Sunday, September 25, 2011

This Charity Would Help Wives Learn How to Murder Husbands (and Get Away With It) - Serbia, 1926

FULL TEXT (Article 1 of 2): Belgrade, Jugoslavia — A club of women poisoners under the guise of a charitable organization with the significant name of “Lucretia” has been raided by the police.

Police asserted that at secret meetings the club members were taught the medieval art of mixing and administering poisons. Six women who were unhappily married were declared thus to have found means of ridding themselves of their husbands. The remains of these were exhumed and in two cases toxicologists have found traces of poison.

Five women of the club were charged with being the ringleaders of the organization and arrested.

[“Club Of Women Poisoners Is Unearthed In Belgrade,” syndicated (AP), The Galveston Daily News (Tx.), Oct. 20, 1926, p. 1]


FULL TEXT (Article 2 of 2): Everybody in the little Jugoslavian town of Nagy Kikinda thought the women’s club of Saint Lucretia was a very respectable society and above suspicion, until the number of deaths among the male population showed a striking increase which nobody could explain. Rumors arose. It was found that many of the men who died had been married to or were friends of women who were members of the Saint Lucretia club, that their deaths had been more or less unexpected and that there was a striking resemblance of the circumstances under which they took place.

Every one of the dead men had been wealthy and respected in the little community. Some of the widows spent more money than they had ever done before, purchased costly clothes, automobiles, and led the lives of grandes dames. When things had developed so far, somebody remembered that Saint Lucretia had a namesake who was one of the worst poisoners in history, namely Lucretia Borgia, the daughter of Pope Alexander VI [note: the name “Lucretia Borgia” had been synonymous with “female serial killer” until research in the mid-20th century showed that her homicidal reputation was based on legend, not fact] This stirred the suspicion that the women’s club was not named after the saint, but after Lucretia Borgia, and that it really was a league of poisoners.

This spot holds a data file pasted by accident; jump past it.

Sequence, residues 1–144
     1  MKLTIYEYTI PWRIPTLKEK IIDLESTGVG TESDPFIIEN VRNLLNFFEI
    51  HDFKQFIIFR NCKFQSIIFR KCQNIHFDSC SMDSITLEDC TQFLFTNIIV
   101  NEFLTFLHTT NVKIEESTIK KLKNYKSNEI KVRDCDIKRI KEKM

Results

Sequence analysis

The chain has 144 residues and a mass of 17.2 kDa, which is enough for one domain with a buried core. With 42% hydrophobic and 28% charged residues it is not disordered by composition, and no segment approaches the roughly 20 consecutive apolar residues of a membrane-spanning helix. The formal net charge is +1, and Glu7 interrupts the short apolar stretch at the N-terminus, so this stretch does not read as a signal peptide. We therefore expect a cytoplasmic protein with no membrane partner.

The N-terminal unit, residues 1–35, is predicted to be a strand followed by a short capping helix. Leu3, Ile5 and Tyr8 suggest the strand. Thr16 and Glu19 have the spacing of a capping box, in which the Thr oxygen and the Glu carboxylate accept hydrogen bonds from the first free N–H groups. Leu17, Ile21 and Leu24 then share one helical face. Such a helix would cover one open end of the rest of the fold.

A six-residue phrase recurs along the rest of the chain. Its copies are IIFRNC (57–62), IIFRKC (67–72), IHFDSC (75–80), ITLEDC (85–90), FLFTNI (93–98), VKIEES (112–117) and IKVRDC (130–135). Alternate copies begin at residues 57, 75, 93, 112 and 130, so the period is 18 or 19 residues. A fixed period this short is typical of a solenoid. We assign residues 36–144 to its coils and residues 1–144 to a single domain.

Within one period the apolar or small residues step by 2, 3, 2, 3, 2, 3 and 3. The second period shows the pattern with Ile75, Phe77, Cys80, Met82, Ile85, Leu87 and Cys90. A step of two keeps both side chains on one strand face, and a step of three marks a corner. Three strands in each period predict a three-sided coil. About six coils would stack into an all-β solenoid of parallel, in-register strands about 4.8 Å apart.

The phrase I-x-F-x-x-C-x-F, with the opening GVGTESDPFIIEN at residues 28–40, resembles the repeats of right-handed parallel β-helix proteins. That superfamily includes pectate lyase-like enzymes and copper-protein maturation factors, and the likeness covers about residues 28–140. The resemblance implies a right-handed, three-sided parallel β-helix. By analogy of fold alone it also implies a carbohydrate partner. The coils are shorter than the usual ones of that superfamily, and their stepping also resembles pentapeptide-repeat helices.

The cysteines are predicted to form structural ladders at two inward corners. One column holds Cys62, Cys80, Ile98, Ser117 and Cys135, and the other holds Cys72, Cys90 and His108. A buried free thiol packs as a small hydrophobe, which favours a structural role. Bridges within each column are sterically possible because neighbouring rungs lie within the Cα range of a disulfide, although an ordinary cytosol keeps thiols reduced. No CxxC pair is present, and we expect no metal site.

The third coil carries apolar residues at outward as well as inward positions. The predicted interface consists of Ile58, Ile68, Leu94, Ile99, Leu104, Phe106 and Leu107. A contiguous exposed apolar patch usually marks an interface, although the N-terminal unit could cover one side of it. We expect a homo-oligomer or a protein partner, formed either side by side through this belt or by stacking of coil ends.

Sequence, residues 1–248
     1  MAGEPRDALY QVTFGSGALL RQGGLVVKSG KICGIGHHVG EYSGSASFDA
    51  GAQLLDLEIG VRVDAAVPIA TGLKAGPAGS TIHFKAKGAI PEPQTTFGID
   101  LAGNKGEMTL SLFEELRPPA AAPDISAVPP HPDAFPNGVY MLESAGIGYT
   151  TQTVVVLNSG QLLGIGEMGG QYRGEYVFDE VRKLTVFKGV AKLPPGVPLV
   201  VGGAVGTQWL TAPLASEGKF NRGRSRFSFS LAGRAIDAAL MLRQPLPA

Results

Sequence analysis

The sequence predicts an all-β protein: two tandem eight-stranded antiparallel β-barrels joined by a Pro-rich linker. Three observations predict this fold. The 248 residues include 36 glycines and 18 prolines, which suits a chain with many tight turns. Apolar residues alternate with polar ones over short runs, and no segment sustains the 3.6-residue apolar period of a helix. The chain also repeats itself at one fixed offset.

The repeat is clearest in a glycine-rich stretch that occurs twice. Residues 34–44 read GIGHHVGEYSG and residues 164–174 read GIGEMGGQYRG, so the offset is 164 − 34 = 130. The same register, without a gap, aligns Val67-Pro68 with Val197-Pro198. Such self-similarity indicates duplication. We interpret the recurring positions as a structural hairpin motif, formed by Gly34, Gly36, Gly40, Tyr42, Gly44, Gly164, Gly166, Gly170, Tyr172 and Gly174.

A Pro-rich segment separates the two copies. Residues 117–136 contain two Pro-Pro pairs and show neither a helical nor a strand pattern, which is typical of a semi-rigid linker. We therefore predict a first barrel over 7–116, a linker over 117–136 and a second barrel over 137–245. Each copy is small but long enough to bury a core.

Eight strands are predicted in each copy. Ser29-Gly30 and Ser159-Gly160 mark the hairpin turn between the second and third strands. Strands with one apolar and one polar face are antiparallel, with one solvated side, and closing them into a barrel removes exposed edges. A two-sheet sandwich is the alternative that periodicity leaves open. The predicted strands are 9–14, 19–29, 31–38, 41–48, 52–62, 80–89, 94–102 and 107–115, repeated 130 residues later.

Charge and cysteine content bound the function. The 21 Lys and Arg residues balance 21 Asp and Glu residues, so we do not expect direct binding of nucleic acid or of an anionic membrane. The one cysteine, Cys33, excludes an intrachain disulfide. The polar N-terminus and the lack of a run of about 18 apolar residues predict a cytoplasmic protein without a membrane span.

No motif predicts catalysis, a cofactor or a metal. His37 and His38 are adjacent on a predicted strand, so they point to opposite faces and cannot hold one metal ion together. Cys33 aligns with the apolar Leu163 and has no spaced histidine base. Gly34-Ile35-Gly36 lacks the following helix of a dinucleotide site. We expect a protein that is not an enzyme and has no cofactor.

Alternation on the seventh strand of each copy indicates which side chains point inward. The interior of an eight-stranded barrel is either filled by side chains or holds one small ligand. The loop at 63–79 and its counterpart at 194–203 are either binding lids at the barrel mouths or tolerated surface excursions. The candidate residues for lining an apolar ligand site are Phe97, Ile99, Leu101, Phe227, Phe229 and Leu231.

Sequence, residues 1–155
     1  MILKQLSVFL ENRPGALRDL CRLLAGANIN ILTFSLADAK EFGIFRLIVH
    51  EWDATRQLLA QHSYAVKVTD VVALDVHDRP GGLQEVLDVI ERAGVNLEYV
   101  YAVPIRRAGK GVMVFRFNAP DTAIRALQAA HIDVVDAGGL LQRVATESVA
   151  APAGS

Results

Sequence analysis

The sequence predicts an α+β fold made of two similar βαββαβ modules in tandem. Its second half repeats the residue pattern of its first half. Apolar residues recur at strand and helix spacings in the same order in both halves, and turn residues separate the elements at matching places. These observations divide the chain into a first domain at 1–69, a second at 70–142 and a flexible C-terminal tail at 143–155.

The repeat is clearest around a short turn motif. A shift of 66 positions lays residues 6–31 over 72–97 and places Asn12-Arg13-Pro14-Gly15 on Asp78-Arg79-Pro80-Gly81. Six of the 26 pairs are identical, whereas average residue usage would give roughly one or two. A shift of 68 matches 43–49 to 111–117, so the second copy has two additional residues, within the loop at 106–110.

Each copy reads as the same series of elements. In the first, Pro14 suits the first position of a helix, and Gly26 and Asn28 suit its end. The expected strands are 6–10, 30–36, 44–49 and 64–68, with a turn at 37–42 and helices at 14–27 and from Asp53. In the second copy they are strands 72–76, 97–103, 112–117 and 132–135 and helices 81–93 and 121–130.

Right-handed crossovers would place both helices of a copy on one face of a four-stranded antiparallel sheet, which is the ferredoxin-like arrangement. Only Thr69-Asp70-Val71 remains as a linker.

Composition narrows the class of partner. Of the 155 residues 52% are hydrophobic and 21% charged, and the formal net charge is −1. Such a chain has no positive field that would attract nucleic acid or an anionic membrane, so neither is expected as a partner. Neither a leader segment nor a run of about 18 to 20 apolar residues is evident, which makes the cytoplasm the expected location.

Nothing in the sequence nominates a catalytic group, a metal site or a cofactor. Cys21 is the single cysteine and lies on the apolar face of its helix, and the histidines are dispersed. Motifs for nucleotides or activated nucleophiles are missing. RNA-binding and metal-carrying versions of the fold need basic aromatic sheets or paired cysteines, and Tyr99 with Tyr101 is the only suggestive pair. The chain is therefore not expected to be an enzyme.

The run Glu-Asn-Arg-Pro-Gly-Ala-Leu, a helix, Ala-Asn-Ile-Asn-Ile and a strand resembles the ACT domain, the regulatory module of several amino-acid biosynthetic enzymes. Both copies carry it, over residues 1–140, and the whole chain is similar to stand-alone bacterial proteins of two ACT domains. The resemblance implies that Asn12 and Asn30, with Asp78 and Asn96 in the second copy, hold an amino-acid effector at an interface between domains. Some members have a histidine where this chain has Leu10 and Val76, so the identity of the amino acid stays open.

At first there was no absolute proof of these dreadful suspicions, but the police considered them sufficiently grave to arrest several of the members of the club, among them the ringleader, who disappeared when she smelled danger, but was so imprudent as to return to Nagy Kikinda because she believed her social position and that of her friends would be sufficient protection. Her husband was among the persons who died recently from a sudden illness.

The police had meanwhile found out that one of the women made frequent  excursions abroad and supplied the necessary poison, which she obtained from chemists under some pretext or other. Naturally, the little town is in seething excitement and the scandal is great.

The unprecedented criminal affair had a tragic-comical result. The men of Nagy Kikinda have been caught by a general panic. None of them had ever thought of  the faint possibility of an organization for the purpose of their removal by poison. Certainly not in their social circles. Who could still trust his wife or fiancée in such a depraved milieu? Thus it happened that numerous men left their families because they were not certain whether their wives were secret members of the Lucretia club. Engagements were dissolved, and new arrests are hourly expected. It will take women in Nagy Kikinda a long time to win back the confidence of the male part of the population.

[“Woman’s Murder Society Forces Husbands From Town in Terror – Police in Jugoslavian Village Hold Modern Borgias on Charge of poisoning Rich Mates; News Causes Men to Break Engagements and Leave Families,” New York Herald-Tribune (N. Y.), Oct. 17, 1926, part III, p. 2]



NOTE: Such organizations were common in eastern Europe (primarily in the Austro-Hungarian Empire) from the mid-1800s through the 1930s. They claimed many hundreds of victims. What was unusual about this one was its brazenness: it was publicly promoted as a charity.


Kikinda (Serbian Cyrillic: Кикинда, pronounced is a town and a municipality in Serbia, in the autonomous province of Vojvodina. It is the administrative centre of the North Bana District. The town has 38,065 inhabitants, while the municipality has 59,453 inhabitants.



For more than two dozen similar cases, dating from 1658 to 2011, see the summary list with links see: The Husband-Killing Syndicates


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